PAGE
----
Death on an Autumn River (A Sugawara Akitada Novel) by I.J. Parker

By I.J. Parker

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There was little left of former splendor. Beyond the fishing boats tied up at the quay, gray-roofed wooden buildings on stilts stretched along the waterfront. The land was flat for half a mile or so, then began to rise slightly toward green hills. There, among the trees, he saw a few blue-tiled, curved roofs of more substantial buildings — temples, mansions, and administrative offices probably. A straight road led from the harbor. He took a deep breath of the air filled with smells of saltwater and fish.

He gulped. “At least . . ” Akitada asked, surprised. Sadenari shook his head. “The others were talking about Eguchi. They’ve been there many times and say those places are full of beautiful women. ” Akitada snorted. “Nonsense. Your father wouldn’t like it. ” Sadenari came from a very proper family. That probably accounted for the fact that at nineteen he was still a virgin. “Yes, sir,” Sadenari murmured, looking dejected. Akitada felt a twinge of pity. The very young had their own worries, but having along a youth in the throes of lust could become a nuisance, perhaps even a danger, when one is tracking corrupt officials.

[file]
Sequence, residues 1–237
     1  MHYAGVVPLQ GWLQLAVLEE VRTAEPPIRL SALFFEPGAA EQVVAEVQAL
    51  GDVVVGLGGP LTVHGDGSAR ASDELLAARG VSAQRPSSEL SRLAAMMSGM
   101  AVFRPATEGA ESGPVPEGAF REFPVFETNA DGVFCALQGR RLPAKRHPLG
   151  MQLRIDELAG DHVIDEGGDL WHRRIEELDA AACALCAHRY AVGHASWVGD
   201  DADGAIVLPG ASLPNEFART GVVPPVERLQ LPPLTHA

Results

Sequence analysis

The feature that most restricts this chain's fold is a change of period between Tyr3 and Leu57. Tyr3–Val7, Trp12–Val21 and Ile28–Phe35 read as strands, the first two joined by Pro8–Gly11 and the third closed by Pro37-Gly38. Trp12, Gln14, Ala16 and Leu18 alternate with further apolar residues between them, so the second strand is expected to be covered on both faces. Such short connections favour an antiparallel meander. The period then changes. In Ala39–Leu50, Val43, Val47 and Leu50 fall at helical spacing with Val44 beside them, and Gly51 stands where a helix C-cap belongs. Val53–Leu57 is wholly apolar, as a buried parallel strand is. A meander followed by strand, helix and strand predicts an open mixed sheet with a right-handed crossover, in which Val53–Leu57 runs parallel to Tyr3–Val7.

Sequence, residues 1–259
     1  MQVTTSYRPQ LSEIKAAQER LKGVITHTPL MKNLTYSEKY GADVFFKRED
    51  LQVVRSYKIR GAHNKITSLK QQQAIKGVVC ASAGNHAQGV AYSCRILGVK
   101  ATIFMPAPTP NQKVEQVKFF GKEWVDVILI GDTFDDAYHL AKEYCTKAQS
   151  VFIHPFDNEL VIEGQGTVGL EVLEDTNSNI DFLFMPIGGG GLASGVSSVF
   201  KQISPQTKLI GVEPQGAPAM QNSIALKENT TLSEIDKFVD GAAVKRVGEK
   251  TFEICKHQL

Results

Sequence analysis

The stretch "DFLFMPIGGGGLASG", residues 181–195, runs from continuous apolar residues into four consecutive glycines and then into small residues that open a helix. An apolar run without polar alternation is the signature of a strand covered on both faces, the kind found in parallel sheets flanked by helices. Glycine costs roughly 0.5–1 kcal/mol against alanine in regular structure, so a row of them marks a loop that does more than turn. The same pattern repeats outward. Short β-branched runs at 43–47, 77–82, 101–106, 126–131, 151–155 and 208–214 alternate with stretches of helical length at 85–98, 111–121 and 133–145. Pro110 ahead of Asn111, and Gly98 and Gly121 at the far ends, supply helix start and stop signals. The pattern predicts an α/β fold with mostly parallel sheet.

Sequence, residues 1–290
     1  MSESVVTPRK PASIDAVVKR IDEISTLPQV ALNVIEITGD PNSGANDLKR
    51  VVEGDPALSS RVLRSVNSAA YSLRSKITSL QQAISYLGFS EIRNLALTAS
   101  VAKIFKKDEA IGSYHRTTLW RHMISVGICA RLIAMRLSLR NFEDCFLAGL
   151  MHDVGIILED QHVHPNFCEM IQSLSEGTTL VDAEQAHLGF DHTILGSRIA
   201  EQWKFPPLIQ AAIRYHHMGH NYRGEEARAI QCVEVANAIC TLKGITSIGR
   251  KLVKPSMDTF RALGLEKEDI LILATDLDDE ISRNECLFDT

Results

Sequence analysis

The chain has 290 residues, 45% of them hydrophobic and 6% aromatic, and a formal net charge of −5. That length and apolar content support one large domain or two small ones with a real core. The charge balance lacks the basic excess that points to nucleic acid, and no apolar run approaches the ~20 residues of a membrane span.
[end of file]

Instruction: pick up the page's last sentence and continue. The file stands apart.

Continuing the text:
Sadenari made his humble apology later that day and in private. They had been assigned rooms in Nakahara’s home, a comfortable residence in the compound of the foreign trade office. His story was simple. Unable to sleep, he had stepped outside. Curiosity had led him to stroll back into town to look around. That was where he had met again the young men from the boat, and they had taken him to a wine house. “I meant to have just one cup with them,” Sadenari said miserably. “I thought I would ask them about the poor girl.

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